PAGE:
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Computational Modeling, Human Liver Microphysiology Systems (MPS) and the MPS-Database Platforms to be Integrated for Safety Testing
Simulations Plus, Inc. (Nasdaq: SLP), a leading provider of modeling and simulation software and services for pharmaceutical safety and efficacy, today announced that its DILIsym Services (DSS) division and the University of Pittsburgh Drug Discovery Institute (UPDDI) have jointly received a Phase I NIH-funded SBIR grant to combine the highly successful DSS software (DILIsym) and UPDDI’s vLAMPS experimental liver model and the microphysiology systems database (MPS-Db) to predict the safety of large (macro) molecules such as proteins that are increasingly used to treat diseases. The first phase of development funded by the grant will include beta version software construction and vLAMPS testing of several large molecules captured in the MPS-Db. Successful completion of the objectives will lead to an application for a larger Phase II grant, which would fully fund the development of the joint commercial offering.
DSS coordinates the DILI-sim Initiative, which is a public-private partnership that has guided development of the DILIsym® software package. This software uses properties of drugs to predict their risk of causing liver injury in patients, and is now widely used to support key drug development decisions. To date, this approach has been successfully applied to traditional small molecule drugs. Similarly, the UPDDI has developed the vLAMPS and MPS-Db technologies for other drug development applications. The focus on large molecule safety in an integrated fashion represents an important new direction for both organizations, allowing them to support development of safer large molecule therapeutics.
Dr. Paul B. Watkins, the Director of the Institute for Drug Safety Sciences at University of North Carolina and chair of the Scientific Advisory Board of the DILI-sim Initiative, said: "Large molecules, such as monoclonal antibodies, have become the hottest target for drug development. However, these therapeutics are not without liver safety liabilities that are currently very hard to predict. I believe that this collaboration, which received very high priority for funding, will help solve this problem."
Dr. Brett A. Howell, President of DILIsym Services, added: "The development of novel therapeutics involving larger and more complex molecules is ever-increasing. This collaboration will allow DSS to remain at the forefront of drug safety prediction innovation and expand our product offerings."
Dr. D. Lansing Taylor, Director of the UPDDI, Distinguished Professor and Allegheny Foundation Professor of Computational and Systems Biology, stated: "The integration of our biomimetic human liver MPS (vLAMPS) with the MPS-Db and DILIsym computational modeling is a powerful application of quantitative systems pharmacology (QSP) to large molecule safety and will advance large molecule safety testing."
About Simulations Plus, Inc.
Simulations Plus, Inc., is a leading provider of modeling and simulation software and consulting services supporting drug discovery, development research, and regulatory submissions. With our subsidiaries, Cognigen, DILIsym Services, and Lixoft, we offer solutions which bridge machine learning, physiologically based pharmacokinetics, quantitative systems pharmacology/toxicology, and population PK/PD modeling approaches. Our technology is licensed and applied by major pharmaceutical, biotechnology, chemical, consumer goods companies and regulatory agencies worldwide. For more information, visit our website at www.simulations-plus.com.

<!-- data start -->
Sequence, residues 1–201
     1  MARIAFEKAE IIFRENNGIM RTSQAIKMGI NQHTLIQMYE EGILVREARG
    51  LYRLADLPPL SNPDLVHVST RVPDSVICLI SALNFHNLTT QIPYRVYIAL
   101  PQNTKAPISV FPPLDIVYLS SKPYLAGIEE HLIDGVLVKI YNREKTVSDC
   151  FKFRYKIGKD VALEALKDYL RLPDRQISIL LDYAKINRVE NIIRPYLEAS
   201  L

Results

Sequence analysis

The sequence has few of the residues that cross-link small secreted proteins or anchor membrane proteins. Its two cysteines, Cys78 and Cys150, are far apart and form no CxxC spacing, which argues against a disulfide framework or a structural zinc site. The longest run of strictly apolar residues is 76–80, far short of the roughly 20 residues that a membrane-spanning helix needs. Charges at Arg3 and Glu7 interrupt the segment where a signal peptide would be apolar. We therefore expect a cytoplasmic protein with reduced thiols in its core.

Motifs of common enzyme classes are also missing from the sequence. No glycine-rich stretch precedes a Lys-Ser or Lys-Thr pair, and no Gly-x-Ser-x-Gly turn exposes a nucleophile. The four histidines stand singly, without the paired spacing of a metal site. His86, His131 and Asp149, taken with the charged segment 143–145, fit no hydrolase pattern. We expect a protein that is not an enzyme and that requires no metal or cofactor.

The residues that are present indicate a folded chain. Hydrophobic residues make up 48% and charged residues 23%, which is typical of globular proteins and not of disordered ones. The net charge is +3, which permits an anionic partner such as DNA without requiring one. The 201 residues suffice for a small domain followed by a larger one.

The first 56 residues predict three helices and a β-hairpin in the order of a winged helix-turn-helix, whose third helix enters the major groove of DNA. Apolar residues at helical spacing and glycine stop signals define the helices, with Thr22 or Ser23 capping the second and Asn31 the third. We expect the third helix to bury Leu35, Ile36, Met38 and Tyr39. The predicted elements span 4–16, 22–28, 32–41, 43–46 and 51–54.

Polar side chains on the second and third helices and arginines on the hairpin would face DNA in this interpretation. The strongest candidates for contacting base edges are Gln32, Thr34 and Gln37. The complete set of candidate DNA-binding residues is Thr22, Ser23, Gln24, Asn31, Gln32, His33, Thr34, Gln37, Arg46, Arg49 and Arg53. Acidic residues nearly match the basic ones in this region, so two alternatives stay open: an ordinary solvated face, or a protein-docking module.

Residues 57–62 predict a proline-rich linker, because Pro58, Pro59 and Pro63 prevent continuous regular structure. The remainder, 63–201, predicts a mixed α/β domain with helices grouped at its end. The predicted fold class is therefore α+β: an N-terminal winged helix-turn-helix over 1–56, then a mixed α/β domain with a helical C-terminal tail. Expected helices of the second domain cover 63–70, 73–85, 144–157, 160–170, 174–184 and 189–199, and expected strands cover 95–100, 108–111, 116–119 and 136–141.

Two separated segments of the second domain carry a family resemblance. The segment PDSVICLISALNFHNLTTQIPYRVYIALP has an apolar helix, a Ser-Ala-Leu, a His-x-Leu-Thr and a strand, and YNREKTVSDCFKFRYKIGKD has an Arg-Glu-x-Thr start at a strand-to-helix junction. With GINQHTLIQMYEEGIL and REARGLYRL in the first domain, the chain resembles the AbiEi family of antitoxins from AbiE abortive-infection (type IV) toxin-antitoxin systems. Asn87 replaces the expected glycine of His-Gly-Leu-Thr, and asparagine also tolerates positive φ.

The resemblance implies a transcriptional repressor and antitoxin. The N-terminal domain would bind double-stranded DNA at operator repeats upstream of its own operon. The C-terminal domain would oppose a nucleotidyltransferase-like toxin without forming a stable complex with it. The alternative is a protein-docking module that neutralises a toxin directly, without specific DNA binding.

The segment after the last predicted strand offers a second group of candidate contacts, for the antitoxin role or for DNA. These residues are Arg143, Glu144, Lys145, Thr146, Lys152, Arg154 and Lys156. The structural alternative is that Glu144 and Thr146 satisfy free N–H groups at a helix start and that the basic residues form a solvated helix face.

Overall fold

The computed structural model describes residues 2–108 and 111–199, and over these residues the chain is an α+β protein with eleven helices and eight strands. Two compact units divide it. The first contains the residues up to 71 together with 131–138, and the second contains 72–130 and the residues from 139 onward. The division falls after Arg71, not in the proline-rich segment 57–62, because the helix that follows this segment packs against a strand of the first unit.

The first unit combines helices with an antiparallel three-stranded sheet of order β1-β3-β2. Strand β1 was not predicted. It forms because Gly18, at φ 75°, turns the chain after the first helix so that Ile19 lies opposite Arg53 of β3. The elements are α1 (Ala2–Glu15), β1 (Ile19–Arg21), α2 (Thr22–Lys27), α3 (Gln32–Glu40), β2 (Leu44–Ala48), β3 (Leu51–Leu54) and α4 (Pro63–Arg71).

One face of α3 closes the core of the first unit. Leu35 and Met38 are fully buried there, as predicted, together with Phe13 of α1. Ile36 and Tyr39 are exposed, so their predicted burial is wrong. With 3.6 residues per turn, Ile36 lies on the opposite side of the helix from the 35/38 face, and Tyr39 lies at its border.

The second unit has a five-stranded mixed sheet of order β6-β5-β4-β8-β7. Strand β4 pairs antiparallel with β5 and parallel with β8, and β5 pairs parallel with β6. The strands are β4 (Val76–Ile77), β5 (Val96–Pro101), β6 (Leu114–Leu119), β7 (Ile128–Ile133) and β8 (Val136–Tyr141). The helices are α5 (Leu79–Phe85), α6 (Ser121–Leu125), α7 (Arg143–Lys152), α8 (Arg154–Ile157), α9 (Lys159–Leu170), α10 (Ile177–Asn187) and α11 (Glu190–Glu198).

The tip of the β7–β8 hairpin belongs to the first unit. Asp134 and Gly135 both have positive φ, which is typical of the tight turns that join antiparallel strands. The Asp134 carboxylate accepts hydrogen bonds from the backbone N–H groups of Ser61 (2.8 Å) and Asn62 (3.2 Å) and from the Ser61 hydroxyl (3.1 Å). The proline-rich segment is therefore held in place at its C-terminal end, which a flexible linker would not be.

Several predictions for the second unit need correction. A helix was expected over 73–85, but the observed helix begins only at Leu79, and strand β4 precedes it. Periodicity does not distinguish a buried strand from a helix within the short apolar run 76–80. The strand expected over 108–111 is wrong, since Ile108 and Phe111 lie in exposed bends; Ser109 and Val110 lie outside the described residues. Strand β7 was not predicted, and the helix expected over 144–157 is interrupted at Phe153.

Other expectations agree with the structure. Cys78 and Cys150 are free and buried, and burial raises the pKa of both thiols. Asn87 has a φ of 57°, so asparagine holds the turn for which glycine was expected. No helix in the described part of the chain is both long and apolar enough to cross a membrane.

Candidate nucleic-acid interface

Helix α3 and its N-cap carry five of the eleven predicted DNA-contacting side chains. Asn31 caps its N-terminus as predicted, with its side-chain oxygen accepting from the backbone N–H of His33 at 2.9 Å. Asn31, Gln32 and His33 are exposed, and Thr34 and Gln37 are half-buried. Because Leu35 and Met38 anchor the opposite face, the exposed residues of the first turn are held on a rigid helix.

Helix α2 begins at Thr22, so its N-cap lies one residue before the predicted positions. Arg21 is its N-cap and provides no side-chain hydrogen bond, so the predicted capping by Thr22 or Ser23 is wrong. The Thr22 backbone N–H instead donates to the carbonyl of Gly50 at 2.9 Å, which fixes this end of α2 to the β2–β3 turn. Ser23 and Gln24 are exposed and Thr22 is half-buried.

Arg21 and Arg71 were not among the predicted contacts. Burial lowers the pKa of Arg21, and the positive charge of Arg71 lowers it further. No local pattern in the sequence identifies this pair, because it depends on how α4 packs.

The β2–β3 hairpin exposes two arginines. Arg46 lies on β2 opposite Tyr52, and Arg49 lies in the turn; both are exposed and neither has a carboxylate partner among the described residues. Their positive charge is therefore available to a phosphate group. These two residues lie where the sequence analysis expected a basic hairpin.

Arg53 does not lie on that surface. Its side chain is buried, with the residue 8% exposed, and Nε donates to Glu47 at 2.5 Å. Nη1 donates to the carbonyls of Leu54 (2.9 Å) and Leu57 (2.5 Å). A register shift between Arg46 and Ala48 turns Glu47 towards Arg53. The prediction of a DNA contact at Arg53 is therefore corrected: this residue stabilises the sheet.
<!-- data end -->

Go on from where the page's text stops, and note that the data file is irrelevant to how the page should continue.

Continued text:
The DILIsym Services division of Simulations Plus has developed DILIsym® and NAFLDsym® QSP software, and is developing IPFsym™ and RENAsym™ QSP software, to provide the pharmaceutical industry with the tools and resources to efficiently develop safe and effective drug therapies. DILIsym and RENAsym are designed to address drug-induced liver injury (DILI) and drug-induced acute kidney injury, respectively. NAFLDsym and IPFsym are designed for target or compound evaluation of therapeutic efficacy in nonalcoholic fatty liver disease (NAFLD or NASH) and idiopathic pulmonary fibrosis (IPF), respectively. More information is available on the company’s web page.
About the University of Pittsburgh Drug Discovery Institute (UPDDI)
The UPDDI applies QSP and human MPS to understand the mechanisms of disease progression, as well as to predict potential therapeutics for diseases such as non-alcoholic fatty liver disease (NAFLD), type 2 diabetes, cancer and neurodegenerative diseases, and to identify mechanisms of toxicology.
Safe Harbor Statement Under the Private Securities Litigation Reform Act of 1995 – With the exception of historical information, the matters discussed in this press release are forward-looking statements that involve a number of risks and uncertainties. Words like "believe," "expect," and "anticipate" mean that these are our best estimates as of this writing, but that there can be no assurances that expected or anticipated results or events will actually take place, so our actual future results could differ significantly from those statements. Factors that could cause or contribute to such differences include, but are not limited to: our ability to maintain our competitive advantages, acceptance of new software and improved versions of our existing software by our customers, the general economics of the pharmaceutical industry, our ability to finance growth, our ability to continue to attract and retain highly qualified technical staff, our ability to identify and close acquisitions on terms favorable to the Company, and a sustainable market. Further information on our risk factors is contained in our quarterly and annual reports and filed with the U.S. Securities and Exchange Commission.
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